InsideOut Development

Why and How to Make Decision-making Replicable

by Lindsay Bragg
0 Comments

Blog_Decision-Making-Replicable-L-1

What should I eat for breakfast? Coffee or tea? Red shirt or blue shirt? Do I take the stairs or the elevator? We’ve made dozens of decisions before we even sit down at our desks. In fact, some studies estimate we make as many as 35,000 decisions each day.

Most were so easy you didn’t really even consider them—would that all decisions were so simple. But what about the big decisions? The ones you agonize over?

Two problems stem from too many decisions:

1. Decision fatigue

Decision fatigue gets in the way of great decisions when someone is tasked with making multiple decisions, one right after the other (especially tough considering that for many leaders, every day is one long decision-making session).

Studies show that your decisions get worse and worse after a long session of decision-making. Each decision wears down your will-power and critical thinking skills.

2. Analysis paralysis

Analysis paralysis occurs when you spend too much time spinning your wheels on the same problem (maybe as a result of decision-fatigue).

You’ve probably heard of this one before. People spend so much time and mental energy analyzing a decision that no decision is ever made. No action is ever taken. Studies have shown that overthinking problems lowers performance on mentally demanding tasks, kills creativity, and lowers your will-power.

Unfortunately, decisions (be they big or small) aren’t going away, but you can make them easier. The key is to create a flexible framework for decision-making – a way to solve problems and make decisions simply and easily over and over again that translates in any scenario or process.

We teach the GROW® Model here at InsideOut Development. It’s a way to organize your thinking to get the best (and fastest) results. It focuses your thinking and is flexible enough to use over and over again.

The basic GROW Model is an acronym for the four stages of decision making:

Goal
Reality
Options
Way Forward

“The ‘Way Forward’ makes the decision process something tangible and actionable,” says Alan Fine, co-creator of the GROW Model, “where it becomes very clear to the person making the decision what should happen next. In the absence of motivating clarity people simply don’t take action.”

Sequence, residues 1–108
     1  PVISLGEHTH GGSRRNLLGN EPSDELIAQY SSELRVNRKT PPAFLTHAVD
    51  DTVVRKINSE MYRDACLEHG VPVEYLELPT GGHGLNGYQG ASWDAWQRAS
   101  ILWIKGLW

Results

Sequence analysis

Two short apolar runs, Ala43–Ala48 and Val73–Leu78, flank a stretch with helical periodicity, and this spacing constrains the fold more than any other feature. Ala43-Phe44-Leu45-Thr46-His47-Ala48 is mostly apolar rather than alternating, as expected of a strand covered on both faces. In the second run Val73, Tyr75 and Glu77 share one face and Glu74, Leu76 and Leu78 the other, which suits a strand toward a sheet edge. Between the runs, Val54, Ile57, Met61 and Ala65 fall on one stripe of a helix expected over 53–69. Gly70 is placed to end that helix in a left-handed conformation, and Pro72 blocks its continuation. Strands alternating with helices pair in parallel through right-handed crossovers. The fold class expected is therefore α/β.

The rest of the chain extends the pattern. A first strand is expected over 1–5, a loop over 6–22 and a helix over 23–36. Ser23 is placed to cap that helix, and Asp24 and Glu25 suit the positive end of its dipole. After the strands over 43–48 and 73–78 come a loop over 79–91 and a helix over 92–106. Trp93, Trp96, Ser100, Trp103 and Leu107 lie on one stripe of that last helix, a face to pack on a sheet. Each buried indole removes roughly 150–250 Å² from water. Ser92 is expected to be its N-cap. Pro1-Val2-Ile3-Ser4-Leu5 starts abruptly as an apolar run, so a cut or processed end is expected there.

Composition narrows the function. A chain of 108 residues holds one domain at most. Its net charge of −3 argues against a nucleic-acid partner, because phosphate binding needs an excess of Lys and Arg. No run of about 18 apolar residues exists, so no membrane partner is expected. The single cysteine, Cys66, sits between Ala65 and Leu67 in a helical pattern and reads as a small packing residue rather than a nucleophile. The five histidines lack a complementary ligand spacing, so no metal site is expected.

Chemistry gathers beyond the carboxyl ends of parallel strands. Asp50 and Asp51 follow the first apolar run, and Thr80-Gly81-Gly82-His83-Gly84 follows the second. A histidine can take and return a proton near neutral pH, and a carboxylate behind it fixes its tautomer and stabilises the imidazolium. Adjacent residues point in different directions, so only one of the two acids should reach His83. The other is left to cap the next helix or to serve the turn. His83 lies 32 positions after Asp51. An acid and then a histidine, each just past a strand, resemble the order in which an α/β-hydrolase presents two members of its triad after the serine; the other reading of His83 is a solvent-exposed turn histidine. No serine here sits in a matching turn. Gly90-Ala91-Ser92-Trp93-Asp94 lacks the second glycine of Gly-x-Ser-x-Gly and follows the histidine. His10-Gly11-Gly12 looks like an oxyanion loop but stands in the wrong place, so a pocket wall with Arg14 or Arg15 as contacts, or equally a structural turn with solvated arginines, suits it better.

The GROW Model is founded on the deceptively simple insight that breakthrough performance usually comes, not from acquiring additional knowledge, but from removing distractions so decision-makers can act on what they already know.

Good decisions lead to effective actions which lead to productive results. Fine calls this phenomenon “Decision Velocity”—the speed and accuracy of decisions that drive individual and organizational performance.

By using a framework, like the GROW Model, decision-making (even for tough, complex, important decision) becomes a simple, replicable process instead of an arduous task. You’ll make decisions faster and with less mental energy – leaving you free from decision fatigue and analysis paralysis so you can focus on all the other things that matter, too.

No decision-making model will make the tough decisions for you, but you don’t have to stumble around in the dark. As one client in a recent workshop explained: “It takes time to GROW, but it takes more time not to.”

Interested in experiencing the GROW Model for yourself? Use the chat feature to set up a call with a coaching specialist.

Category: Performance

Picture of Lindsay Bragg

Lindsay is a Communications Specialist at InsideOut Development and holds a degree in Public Relations from Brigham Young University. She’s also worked as a newspaper reporter and account director at a PR agency. When she’s not researching or writing great content on nearly every HR topic under the sun, she volunteers teaching leadership skills to children and adults with disabilities at an equine assisted therapy center.

comments
There are no comments

Subscribe Via Email

Want More Content?

Browse Our Coaching Library
READ NOW

Categories/Archives